A new group of deeply researched books covering the Art and Architecture of Ireland (AAI) in 5 volumes, is an extraordinary achievement by a collaboration of authors, editors, the Royal Irish Academy, the Paul Mellon Centre for Studies in British Art and Yale University Press. Having just launched these publications to great acclaim in Dublin, Yale’s Senior Art Acquisitions Editor Sally Salvesen tells the story of what has been a momentous project – and its incredible reception.
Ten years ago I was in Dublin working with Anne Crookshank and the Knight of Glin on the second edition of their book Ireland’s Painters, when Robert Towers, our Irish representative, arranged a meeting with Nicola Figgis of University College Dublin (UCD) and Brendan Rooney of the National Gallery of Ireland. They, with Rachel Moss and Paula Murphy, had begun to think of the possibility of updating or replacing Walter Strickland’s Dictionary of Irish Artists (1913) later revised by Theo Snoddy (1968). It was obvious that it would be a daunting task, and I heard no more for several years.
By 2007 Paula Murphy, also of UCD, an expert on sculpture and author of Nineteenth-Century Irish Sculpture, had enlisted physicist Professor Jim Slevin, then President of the Royal Irish Academy, who secured support from the Naughton Foundation and the Irish Ministry of Arts, Heritage and the Gaeltacht. Suddenly under the direction of Carmel Naughton two volumes (Painting and Sculpture) had become five (Medieval, Architecture and Twentieth Century were added), editors for all volumes were appointed, a project team was in place, and contributions were being commissioned. For publication, Yale University Press was fortunate to be joined by the Paul Mellon Centre for Studies in British Art.
A vast range of structures, themes, issues had to be teased out. Every volume had different requirements and the original notion of a dictionary was superseded by the concept of a survey of the Art and Architecture of Ireland in five volumes. It would still include numerous biographical entries, but they would be complemented by a wide range of thematic essays arranged in various groups. This ensured that the project would build on the recent work of other scholars, rather than repeating it.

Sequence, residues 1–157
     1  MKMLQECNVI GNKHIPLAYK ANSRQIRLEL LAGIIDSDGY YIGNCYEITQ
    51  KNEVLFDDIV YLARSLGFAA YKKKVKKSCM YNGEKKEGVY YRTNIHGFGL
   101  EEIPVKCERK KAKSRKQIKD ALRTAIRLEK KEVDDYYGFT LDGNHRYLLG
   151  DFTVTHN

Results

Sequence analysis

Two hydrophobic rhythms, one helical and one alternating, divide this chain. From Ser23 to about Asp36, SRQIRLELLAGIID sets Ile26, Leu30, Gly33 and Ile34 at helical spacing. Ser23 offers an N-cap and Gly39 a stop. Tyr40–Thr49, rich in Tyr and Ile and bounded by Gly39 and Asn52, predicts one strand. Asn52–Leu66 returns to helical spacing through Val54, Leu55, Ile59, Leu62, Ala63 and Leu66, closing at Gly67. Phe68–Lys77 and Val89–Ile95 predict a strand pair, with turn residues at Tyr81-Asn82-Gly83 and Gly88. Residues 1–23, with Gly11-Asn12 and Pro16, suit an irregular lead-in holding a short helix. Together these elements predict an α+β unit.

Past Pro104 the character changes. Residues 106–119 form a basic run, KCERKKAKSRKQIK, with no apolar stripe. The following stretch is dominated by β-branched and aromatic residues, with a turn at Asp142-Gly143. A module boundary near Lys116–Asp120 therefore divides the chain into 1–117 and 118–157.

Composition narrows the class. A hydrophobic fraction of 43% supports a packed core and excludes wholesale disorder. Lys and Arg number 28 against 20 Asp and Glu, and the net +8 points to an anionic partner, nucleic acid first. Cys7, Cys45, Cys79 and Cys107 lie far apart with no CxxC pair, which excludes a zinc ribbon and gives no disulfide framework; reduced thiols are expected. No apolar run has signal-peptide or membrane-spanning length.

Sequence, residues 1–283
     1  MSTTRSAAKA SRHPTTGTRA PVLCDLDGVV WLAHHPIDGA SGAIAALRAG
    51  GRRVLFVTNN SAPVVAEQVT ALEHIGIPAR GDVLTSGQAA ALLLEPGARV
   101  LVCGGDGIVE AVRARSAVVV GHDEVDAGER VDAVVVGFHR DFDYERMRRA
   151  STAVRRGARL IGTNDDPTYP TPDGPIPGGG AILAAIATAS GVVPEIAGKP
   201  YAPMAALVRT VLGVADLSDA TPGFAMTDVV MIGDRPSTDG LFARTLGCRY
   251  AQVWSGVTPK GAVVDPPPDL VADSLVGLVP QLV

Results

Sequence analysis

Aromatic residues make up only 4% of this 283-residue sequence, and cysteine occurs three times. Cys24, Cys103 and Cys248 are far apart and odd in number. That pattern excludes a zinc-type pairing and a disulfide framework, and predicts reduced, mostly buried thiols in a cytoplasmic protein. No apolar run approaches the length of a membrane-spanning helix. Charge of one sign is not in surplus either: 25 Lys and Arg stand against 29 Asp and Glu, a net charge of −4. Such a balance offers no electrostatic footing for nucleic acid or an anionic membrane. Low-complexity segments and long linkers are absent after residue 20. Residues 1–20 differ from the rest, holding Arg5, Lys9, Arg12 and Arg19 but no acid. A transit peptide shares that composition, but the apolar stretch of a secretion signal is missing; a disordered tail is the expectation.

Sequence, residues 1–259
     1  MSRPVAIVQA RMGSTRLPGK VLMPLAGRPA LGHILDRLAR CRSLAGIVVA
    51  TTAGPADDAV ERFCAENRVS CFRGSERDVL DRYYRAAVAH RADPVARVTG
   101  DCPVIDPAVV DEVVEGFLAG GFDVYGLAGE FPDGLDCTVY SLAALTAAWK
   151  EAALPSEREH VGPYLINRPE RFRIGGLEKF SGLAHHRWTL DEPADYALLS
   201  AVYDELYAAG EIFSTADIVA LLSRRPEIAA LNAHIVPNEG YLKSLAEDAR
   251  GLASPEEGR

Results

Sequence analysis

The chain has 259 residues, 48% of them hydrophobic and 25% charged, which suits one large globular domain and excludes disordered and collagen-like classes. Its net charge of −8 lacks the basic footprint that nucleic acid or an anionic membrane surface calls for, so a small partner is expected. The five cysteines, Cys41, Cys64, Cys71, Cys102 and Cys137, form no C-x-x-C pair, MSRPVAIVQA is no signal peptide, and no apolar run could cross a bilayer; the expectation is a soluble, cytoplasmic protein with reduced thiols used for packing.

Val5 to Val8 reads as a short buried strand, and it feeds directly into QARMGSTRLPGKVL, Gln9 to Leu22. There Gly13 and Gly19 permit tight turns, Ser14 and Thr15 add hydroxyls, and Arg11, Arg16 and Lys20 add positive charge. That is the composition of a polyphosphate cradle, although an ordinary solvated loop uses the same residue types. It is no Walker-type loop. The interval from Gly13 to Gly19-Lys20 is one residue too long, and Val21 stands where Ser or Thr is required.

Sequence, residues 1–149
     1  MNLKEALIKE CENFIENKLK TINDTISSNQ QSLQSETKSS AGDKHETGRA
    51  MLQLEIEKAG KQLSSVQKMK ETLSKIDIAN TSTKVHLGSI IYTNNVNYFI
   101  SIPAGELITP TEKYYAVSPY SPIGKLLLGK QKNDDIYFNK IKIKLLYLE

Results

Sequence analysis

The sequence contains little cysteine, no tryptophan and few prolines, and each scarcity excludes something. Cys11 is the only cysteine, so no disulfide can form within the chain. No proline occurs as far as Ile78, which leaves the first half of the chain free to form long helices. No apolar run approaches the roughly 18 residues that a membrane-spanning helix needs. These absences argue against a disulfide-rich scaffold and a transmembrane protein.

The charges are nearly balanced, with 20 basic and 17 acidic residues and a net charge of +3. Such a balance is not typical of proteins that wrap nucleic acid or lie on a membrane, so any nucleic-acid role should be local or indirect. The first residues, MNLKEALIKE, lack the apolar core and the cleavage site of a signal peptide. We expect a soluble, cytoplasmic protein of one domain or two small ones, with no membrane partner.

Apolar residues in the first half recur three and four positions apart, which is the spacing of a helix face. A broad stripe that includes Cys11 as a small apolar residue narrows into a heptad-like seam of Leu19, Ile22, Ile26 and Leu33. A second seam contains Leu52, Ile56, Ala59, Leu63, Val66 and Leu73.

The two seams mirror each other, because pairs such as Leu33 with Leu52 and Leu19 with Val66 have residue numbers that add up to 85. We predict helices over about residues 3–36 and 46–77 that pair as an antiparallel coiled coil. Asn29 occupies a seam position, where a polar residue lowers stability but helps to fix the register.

The statistics are daunting: 274 authors contributed, 10 editors shaped the 5 volumes, under the guidance of a general editor and editorial boards; 2 millon words written, 3,000 images collected. And on the publishing side, 4 designers working to one brief, 3000 pages including 2900 images magnificently printed by Conti Tipocolor in Italy, and finally 5 books weighing a total of 34 lbs. Midnight oil burnt – unquantifiable. There was much to celebrate.
At midday on a Sunday in November more than 700 people gathered in the Mansion House, the Lord Mayor of Dublin’s official residence, to launch the series. Among the guests were the Irish prime minister (Taoiseach) Enda Kenny; Minister for Arts, Heritage and the Gaeltacht Heather Humphreys; trustees of the Naughton Foundation led by the remarkable Carmel Naughton; American ambassador Kevin O’Malley; many of the contributors, artists and architects featured in the Twentieth-Century volume; Mark Hallett, director of the Mellon Centre; and hundreds of supporters.
Some of the participants gathered on the lawn for a group photo, while a demonstration against the introduction of water rates at the entrance heightened the drama, ensuring a large police presence and headline reports in all media, as well as great news coverage of the project. The Irish Times is running a 2-year series on Modern Ireland in 100 Artworks, drawing on the twentieth-century volume. Irish radio (RTÉ) has embarked on a 6-part series introducing the whole project and each individual volume, and there is more to come.
In the speeches the sense that the books are a major cultural achievement for the whole island of Ireland was constantly reiterated. No other nation has produced such a comprehensive survey covering 1600 years of artistic endeavour both at home and internationally, exploring the impact of artists who came to Ireland from abroad, and Irish men and women who traveled across the world to work. The Taoiseach described the books as phenomenal gospels of Irish culture. Now it’s exciting to learn that scholars in Norway, drawing directly on the Irish example, are beginning to explore the possibility of a comparable project.
The next evening the whole event was repeated in the Edwardian marble splendour of Belfast City Hall. Again there were contributors and artists present, and 200 guests on this occasion. Instead of the Taoiseach, the Northern Ireland Deputy First Minister, Martin McGuinness, made a speech full of passionate political rhetoric, celebrating creative endeavour in Northern Ireland and quoting both Paul Mellon and Seamus Heaney to make the connections between art and peace.Sally Salvesen Senior Acquisitions Editor, Decorative Art and Design, Art and Architecture Yale University Press
Watch a video about Art and Architecture of Ireland or read more about the books here.